Mr. Glass(pop culture)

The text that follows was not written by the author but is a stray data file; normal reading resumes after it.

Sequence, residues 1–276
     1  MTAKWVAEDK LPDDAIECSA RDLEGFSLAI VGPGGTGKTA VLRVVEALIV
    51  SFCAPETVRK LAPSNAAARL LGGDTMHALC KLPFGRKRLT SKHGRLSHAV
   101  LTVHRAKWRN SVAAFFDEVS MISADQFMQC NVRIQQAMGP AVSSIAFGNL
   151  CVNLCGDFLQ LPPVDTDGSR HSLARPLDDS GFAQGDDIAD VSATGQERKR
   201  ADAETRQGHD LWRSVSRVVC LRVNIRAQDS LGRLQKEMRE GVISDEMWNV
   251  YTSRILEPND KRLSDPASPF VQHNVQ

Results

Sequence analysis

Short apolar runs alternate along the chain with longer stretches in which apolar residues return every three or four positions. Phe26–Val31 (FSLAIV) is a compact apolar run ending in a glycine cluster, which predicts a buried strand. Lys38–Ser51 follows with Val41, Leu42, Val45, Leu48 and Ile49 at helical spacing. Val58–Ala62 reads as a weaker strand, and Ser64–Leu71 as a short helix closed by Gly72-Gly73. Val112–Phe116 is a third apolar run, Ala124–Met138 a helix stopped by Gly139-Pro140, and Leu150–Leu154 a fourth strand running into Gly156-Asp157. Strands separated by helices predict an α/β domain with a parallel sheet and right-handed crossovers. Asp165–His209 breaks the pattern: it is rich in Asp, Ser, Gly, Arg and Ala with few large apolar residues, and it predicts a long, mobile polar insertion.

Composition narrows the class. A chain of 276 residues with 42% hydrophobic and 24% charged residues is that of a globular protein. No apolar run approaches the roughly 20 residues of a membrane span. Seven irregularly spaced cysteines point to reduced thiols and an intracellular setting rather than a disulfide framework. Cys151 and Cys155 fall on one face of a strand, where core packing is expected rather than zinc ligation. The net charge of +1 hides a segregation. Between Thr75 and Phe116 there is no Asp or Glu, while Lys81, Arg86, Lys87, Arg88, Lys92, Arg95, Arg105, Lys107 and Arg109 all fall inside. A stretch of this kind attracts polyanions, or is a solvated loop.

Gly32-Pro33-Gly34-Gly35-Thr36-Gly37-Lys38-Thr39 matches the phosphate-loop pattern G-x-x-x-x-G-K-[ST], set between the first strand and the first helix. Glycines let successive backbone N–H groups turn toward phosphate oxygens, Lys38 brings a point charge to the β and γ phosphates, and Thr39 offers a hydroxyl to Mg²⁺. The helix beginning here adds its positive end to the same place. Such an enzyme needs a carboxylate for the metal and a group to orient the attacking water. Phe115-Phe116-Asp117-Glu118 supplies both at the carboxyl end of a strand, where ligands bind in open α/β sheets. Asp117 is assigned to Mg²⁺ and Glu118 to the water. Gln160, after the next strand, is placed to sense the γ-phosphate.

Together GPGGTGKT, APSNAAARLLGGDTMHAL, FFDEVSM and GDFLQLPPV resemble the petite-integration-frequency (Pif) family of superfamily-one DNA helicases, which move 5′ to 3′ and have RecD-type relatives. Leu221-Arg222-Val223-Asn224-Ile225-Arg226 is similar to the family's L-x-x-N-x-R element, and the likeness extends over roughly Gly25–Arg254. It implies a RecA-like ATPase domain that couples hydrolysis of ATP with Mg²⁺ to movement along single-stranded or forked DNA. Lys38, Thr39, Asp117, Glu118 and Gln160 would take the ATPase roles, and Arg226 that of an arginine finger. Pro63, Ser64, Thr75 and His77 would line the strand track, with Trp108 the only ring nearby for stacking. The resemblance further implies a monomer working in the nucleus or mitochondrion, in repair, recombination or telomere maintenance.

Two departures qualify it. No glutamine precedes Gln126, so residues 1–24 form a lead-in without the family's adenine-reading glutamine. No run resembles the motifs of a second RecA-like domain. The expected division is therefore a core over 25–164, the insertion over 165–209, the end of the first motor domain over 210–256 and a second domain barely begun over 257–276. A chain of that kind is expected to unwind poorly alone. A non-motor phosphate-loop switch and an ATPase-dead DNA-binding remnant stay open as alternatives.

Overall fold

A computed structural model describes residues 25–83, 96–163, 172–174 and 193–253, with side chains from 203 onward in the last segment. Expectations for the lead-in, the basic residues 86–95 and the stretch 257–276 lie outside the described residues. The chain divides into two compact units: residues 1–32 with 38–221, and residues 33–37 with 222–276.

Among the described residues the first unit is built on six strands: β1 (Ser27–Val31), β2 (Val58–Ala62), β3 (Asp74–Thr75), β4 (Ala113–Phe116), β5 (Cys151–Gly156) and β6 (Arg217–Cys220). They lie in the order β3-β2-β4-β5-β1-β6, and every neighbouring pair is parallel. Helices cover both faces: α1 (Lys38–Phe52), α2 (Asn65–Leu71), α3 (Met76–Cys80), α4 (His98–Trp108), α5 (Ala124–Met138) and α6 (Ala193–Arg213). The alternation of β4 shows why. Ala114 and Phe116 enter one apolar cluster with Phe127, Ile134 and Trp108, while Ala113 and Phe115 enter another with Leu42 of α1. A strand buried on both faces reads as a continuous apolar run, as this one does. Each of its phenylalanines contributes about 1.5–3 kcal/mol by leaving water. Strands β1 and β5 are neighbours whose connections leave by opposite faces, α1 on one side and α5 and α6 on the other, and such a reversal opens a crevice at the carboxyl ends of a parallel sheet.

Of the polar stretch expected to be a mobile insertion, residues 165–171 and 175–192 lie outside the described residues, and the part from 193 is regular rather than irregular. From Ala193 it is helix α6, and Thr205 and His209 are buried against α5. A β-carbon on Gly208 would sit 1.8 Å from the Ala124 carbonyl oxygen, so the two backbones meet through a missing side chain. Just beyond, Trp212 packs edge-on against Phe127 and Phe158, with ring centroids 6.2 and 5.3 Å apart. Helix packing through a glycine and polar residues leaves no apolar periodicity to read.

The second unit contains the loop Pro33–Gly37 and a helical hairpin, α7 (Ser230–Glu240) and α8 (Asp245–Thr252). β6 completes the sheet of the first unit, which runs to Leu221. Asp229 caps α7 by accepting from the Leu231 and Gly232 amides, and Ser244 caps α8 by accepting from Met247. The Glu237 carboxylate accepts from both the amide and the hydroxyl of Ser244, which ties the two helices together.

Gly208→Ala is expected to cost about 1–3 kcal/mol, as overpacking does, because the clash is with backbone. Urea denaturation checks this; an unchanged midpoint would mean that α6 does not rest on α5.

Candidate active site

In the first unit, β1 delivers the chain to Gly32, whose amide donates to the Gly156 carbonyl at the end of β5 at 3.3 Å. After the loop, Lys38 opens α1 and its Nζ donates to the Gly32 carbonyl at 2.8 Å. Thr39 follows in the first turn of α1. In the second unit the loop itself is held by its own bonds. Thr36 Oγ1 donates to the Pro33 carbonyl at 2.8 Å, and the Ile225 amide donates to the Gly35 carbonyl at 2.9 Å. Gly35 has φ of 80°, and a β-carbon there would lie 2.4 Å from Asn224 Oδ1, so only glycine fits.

Elijah Price (Samuel L. Jackson) believes that comic-book heroes inhabit Earth in writer/director M. Night Shyamalan's thriller Unbreakable (2000). Philadelphia security guard David Dunn (Bruce Willis) walks away inscrutably unharmed from a catastrophic rail disaster, its sole survivor. Price, ridiculed as “Mr. Glass” due to a rare condition that makes his bones exceptionally brittle, hopes to find meaning for his lifelong torment. A comics-shop owner and avid collector, Price—slender, unsteady, and often surreally clad in purple leather—attempts to convince Dunn, who has never once been ill or injured, that he is a real-world superhero: “Now that we know who you are, I know who I am,” Price contends. “I'm not a mistake.” At first discounting Price's ludicrous theory, Dunn, a misfit whose marriage is troubled, soon finds a path to fulfillment as he, encouraged by his young son, undergoes weight training. Combining his strength and stamina with an intuition that warns him of wrongdoing—a scaled-down version of Spider- Man's spider-sense—he cloaks himself in a poncho and secretly becomes a street-level avenger. Dunn ultimately discovers the unthinkable (spoiler alert!): that Price, the obsessive Mr. Glass, engineered not only the train wreck from which Dunn survived but also a host of other accidents, simply to ferret out his paranormal counterpart. “You killed all those people,” Dunn gasps. “But I found you,” Price retorts. “So many sacrifices just to find you.” This climactic revelation from unexpected twist–master Shyamalan and Jackson's subtly seductive portrayal created the haunting “real-world” embodiment of the arch-foe archetype whose impact endures long after the closing credits.